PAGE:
How Black Friday impedes the fight for sustainability
Now all the numbers and figures from Thanksgiving, Christmas and New Year are in, we can see the impact Black Friday is having on the industry.
This year’s Black Friday was one of the biggest ever, with billions of dollars spent in a day of sales, discounts, and special offers.
But the effects of Black Friday go far beyond the savings to the consumer.
With the rise of Fast Fashion becoming a major environmental sustainability issue, Black Friday is contributing to a system which is already at breaking point.
The origins of Black Friday
Black Friday began in the United States, where the traditional Thanksgiving holiday is held on the third Thursday in November.
Many people also take the next day off work, giving them a four-day weekend, thus labelling that Friday an “unofficial holiday”.
Because so many people were off work, shops began to lower their prices in special sales with the hopes of kick-starting the Christmas period.
These sales began to grow, with different stores trying to “out-do” one another with bargains. Over the years the discounts became bigger and the stores started opening earlier, with some opening at 6pm the night before.
This rampant consumerism eventually evolved into the annual shopping event we now know as Black Friday.
Why Black Friday is damaging to the environment
Black Friday and other similar big event sales are only adding to the problem of environmental damage and the bottom line is the more we buy, the more waste we produce.
We’ve talked before about how the apparel industry is responsible for around 20% of global carbon emissions and how the current model is simply unsustainable.
The damage comes in two parts; production and waste.
The dying of clothes is polluting rivers to the point where they are poisonous to even touch and it takes 10,000 litres of fresh water to make a single pair of jeans.
Add to that the materials and natural resources used for packaging, along with the carbon emissions from transport, and it soon becomes obvious that every step in the process of clothing production is damaging to the environment.
And then there’s what happens after we buy those clothes.
Most of them are dumped after only being worn a few times, with less than 1% of the material used in clothing, recycled into new garments.
It takes 200 years for polyester to decompose, and it’s the same microfibres which account for an astonishing 85% of all man-made debris washed up onshore.
Events like Black Friday encourages people to buy things they don’t need, only to be discarded soon after.
Sustainability is the next battleground for businesses
We buy twice as many clothes as we did a decade ago but only wear them half as long.
Over half of new clothes are thrown out within a year.
A rubbish truck of clothes is burned or landfilled every single second!
It’s facts like these that highlight how the Fast Fashion phenomenon is damaging the environment.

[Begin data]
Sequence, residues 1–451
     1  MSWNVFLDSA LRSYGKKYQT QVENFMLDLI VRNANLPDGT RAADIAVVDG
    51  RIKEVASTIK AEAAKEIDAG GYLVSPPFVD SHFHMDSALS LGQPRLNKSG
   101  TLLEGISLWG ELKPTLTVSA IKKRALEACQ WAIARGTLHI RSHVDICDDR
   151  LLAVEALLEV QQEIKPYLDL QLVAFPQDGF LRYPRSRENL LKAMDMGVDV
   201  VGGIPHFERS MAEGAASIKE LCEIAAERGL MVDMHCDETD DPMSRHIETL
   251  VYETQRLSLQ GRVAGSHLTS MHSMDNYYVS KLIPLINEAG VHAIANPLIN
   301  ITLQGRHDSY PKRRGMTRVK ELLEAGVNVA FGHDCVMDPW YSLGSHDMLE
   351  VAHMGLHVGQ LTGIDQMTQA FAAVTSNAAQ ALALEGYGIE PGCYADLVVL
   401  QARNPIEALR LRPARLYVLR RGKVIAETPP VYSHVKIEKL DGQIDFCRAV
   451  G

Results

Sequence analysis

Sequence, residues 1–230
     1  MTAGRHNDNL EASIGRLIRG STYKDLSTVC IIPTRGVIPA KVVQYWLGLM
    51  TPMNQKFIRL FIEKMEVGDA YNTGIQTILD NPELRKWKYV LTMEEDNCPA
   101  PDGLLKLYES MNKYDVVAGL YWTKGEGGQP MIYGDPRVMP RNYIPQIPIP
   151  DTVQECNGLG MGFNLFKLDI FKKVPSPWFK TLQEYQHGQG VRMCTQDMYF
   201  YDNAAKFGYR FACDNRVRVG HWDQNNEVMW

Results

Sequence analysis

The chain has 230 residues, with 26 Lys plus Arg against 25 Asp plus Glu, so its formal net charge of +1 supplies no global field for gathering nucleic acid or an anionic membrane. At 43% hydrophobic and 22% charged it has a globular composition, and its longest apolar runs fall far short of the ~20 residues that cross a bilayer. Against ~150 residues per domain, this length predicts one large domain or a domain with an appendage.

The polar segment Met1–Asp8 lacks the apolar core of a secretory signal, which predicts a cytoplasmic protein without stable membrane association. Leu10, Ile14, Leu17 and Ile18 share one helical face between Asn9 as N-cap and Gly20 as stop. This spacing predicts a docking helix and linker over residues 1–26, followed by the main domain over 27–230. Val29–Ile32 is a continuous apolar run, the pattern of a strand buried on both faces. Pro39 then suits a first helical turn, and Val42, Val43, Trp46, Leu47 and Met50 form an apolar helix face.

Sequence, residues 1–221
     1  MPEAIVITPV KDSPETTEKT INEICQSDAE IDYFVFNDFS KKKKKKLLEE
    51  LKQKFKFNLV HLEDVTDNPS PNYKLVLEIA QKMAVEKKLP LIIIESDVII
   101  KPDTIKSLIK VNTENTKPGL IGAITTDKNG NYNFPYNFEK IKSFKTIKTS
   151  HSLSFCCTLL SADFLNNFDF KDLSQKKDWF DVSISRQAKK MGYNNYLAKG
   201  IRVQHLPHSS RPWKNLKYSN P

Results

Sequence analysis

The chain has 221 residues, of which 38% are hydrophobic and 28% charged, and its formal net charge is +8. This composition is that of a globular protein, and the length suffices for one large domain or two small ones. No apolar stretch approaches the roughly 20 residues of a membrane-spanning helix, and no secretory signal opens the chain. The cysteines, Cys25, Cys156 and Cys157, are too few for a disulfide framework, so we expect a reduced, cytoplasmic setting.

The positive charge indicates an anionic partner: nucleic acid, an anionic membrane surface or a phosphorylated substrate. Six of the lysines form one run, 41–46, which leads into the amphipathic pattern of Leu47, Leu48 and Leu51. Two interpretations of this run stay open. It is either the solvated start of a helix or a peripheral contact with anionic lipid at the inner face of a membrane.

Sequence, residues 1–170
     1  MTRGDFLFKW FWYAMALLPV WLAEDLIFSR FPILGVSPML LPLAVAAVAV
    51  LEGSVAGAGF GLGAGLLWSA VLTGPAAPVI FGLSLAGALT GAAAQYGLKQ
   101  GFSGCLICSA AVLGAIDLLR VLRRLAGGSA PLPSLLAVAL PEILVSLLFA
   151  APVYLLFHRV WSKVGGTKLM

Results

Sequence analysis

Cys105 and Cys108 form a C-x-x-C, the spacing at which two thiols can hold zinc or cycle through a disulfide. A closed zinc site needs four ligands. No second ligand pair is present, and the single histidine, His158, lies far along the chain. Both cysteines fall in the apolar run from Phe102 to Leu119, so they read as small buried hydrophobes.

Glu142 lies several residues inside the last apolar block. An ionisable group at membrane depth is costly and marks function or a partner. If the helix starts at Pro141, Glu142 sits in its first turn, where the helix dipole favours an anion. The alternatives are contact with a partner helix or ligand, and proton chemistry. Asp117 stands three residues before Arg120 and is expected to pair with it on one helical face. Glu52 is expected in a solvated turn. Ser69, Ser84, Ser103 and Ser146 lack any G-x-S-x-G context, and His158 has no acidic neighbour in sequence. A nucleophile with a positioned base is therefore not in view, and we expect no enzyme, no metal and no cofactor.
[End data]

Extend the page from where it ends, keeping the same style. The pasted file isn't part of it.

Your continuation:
Many designers and retailers are trying to raise awareness of the issue, but the industry overall is still a long way behind.
Sustainability is the next battleground for businesses, but thankfully, the younger generation is very much in tune with environmental issues.
Will Black Friday always be around?
People love a bargain, and for many, Black Friday is one of the few days of the year they can afford something special.
The event is very American, with other countries begrudgingly taking it up in recent years, so whether it will grow into a world-wide event or stay mainly within the USA remains to be seen.
The sale of cheap, disposable clothing does seem to be on the wane, regardless of large sales events. Consumers, designers, and retailers are all waking up to the fact that the current Fast Fashion ethos simply can’t continue. The future is greener, and many companies are already building their brand around sustainability.
With Fast Fashion quickly becoming a dirty word, the textile industry is set to see some of the biggest change of any industry. In the fight to save the planet through sustainability, less will be manufactured, bought and discarded.
The entire production chain, from design and manufacturing through to shipping and disposal will all change dramatically over the next decade, the question is, are you ready for it?
It’s a difficult course to navigate, but not impossible with the right help.
Businesses will need to change with the times or face the inevitable conclusion of going out of business… and businesses are reacting to this change right now, as they strive to work toward becoming environmentally sustainable as a core component of their brand.
Conservationism, recycling, going green… these aren’t simply marketing buzzwords. They are a change in our culture and one which is gaining momentum.
The younger generations are more attuned to environmental issues, and support businesses which are making real efforts to cut down on their carbon footprint and help the planet.
We strongly believe that every aspect of the production chain has to change – from sourcing of raw materials to the shopping habits of consumers.
But no matter what the future holds for the textile and fashion industries, we are committed to helping our clients adapt. We have the experience, skills and staff to help guide your company into a greener, brighter future.
To help your business promote environmental sustainability within the scope of your label and packaging requirements, contact us today. If you think you need advice on the coming changes, let’s have a chat about how we can help you to navigate those changes.